On YA and Love and Death.

I love YA novels. There. I'm not ashamed to admit it (anymore). We live some of the best, or at any rate, the most vividly remembered and transitory times during our youth. Because that is when anything is possible, you know? You're young, you know things, you're wary but not as much when you become slightly older and you know that life disappoints and people go away. And in YA lit, you go through your youth and come to the same realization but in a way that would make you think that there's hope, that you can pick yourself up and dust off the bad things and start-over. That's one of the reasons I love these books. That shining ray of light at the end of the tunnel. I also think that that's one phase that everything you go through seems much more magnified, more real. Maybe we learn to dumb down our reactions to things as time passes by, or maybe we become indifferent, but that keen awareness is lost. 

--spoilers ahead

So I spent the last 24 hours absorbed in a YA dystopian series, Divergent. I don't really know why I started reading this one. I had a vague idea idea it existed, no clue about the plot and I just got the books and began reading them yesterday. Maybe it had something to do with my impending exams, but nah. Anyway, so Divergent (which is the name of the series and also of the first book), starts off in a great way. It builds the characters, and the settings really well, and as is common for a dystopian novel - there is suspense, and it's well done. I haven't read the Hunger Games, but I've heard that this is a direct inspiration from that series. It's set in a distant future in Chicago, where society as a whole functions with all the members divided into factions based on their behaviour - Abnegation, Candor, Erudite and Dauntless. Each member is initiated into a faction based on an aptitude when they turn 16. The main protagonist of this series, Tris Prior, receives a mixed result (Divergent), and there starts her journey. The series deals with the journey of the Divergents and the back story of how the factions came to be.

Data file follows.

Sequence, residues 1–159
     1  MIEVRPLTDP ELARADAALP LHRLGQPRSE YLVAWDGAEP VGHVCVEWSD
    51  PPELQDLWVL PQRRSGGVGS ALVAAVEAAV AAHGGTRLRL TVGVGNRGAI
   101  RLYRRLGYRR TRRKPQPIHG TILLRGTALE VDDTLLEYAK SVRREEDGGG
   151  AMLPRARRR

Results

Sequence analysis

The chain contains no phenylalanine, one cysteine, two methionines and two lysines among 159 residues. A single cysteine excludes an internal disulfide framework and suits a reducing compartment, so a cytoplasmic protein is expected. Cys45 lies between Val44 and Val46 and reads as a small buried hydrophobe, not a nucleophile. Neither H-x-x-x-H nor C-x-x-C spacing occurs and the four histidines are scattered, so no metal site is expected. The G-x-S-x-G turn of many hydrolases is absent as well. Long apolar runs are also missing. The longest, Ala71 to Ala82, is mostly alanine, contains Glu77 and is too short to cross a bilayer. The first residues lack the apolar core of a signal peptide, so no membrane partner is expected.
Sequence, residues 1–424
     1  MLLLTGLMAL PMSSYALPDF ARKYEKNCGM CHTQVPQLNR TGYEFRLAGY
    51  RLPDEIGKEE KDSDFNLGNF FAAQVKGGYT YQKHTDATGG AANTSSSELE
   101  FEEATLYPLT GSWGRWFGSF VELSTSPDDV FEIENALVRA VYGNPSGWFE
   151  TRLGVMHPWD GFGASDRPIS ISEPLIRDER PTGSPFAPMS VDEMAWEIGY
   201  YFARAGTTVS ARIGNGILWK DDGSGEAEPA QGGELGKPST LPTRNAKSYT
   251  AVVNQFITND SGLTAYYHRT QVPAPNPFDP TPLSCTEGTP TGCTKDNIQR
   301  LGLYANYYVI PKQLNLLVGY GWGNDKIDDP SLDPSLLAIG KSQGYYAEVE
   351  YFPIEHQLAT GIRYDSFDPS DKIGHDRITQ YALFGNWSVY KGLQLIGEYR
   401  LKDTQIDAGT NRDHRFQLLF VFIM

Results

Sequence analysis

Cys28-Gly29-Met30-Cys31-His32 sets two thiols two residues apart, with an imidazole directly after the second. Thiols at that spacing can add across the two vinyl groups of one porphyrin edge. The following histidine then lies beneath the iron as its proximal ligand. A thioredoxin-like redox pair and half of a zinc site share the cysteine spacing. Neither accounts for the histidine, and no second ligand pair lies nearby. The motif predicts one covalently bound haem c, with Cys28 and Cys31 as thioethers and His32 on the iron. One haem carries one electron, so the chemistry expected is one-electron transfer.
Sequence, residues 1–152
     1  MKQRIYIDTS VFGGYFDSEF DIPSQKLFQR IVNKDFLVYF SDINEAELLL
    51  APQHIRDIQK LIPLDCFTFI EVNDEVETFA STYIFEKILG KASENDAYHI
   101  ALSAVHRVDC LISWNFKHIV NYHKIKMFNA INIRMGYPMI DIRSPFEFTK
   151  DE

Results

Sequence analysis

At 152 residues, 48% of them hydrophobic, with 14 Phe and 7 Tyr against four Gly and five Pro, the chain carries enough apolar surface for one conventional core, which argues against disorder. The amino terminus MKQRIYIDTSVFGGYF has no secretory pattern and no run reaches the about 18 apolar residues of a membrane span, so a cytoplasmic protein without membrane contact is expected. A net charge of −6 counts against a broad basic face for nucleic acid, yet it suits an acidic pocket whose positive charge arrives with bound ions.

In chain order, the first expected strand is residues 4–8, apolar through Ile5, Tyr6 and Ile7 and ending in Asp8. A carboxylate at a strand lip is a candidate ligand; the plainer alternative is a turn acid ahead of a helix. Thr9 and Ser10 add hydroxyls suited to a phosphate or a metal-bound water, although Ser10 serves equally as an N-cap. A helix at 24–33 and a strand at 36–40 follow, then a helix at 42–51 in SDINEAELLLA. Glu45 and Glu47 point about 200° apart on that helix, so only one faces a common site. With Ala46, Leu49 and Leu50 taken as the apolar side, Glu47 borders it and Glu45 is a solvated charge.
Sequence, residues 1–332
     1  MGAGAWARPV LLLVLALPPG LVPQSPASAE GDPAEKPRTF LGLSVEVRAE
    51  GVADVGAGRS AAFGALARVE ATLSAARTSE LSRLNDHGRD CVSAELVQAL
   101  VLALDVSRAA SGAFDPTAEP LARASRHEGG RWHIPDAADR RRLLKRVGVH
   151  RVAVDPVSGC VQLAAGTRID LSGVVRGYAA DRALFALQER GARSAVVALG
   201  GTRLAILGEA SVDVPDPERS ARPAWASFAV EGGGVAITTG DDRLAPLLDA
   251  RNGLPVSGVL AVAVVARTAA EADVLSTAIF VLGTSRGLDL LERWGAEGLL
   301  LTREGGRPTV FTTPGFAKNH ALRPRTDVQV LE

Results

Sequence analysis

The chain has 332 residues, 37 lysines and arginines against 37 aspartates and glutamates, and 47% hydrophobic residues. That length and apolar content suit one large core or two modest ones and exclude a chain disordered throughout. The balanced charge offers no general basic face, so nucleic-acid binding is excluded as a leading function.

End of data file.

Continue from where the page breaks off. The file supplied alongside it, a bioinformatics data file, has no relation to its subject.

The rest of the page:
What drew to me the book however was the romance between Tris and one of her leaders at Dauntless, (the faction she chooses to go to) Four. (Yeah, I just admitted that I like love stories.) There is enough going in the books that it is not only about Tris and Four, but there is enough going on that it is importantly about them too. That's the right kind of balance for me, and importantly Tris and Four, they just work. Maybe I'm just at a phase where I need something to work, to escape to, to believe in, but I really liked them. (If you didn't get that from my long ramble already). So, evidently, when Tris DIES, at the end of the third book, I'm just taken aback, slightly in shock, and at a loss to know what to think. I don't know how I became so emotionally invested in this character but I evidently did and it'll take me some time to recover from this. Which leads me to think how much harder it is to recover from the death of a person you knew in real life, and... I'd just rather not stroll down that road now.

Veronica Roth, why did you kill her?! 

"What happened?" they asked.

"He's a dog person and I'm a cat person." she said, with a haf-smile and a nonchalant shrug.

That was the end. 

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